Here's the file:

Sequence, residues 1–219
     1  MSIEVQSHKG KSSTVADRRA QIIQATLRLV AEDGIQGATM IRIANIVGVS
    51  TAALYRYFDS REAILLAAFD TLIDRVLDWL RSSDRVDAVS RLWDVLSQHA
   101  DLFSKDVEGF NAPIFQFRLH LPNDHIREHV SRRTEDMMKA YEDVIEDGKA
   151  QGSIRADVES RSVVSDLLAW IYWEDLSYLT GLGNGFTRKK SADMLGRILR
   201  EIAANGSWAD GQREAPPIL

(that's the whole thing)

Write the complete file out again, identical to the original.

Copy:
Sequence, residues 1–219
     1  MSIEVQSHKG KSSTVADRRA QIIQATLRLV AEDGIQGATM IRIANIVGVS
    51  TAALYRYFDS REAILLAAFD TLIDRVLDWL RSSDRVDAVS RLWDVLSQHA
   101  DLFSKDVEGF NAPIFQFRLH LPNDHIREHV SRRTEDMMKA YEDVIEDGKA
   151  QGSIRADVES RSVVSDLLAW IYWEDLSYLT GLGNGFTRKK SADMLGRILR
   201  EIAANGSWAD GQREAPPIL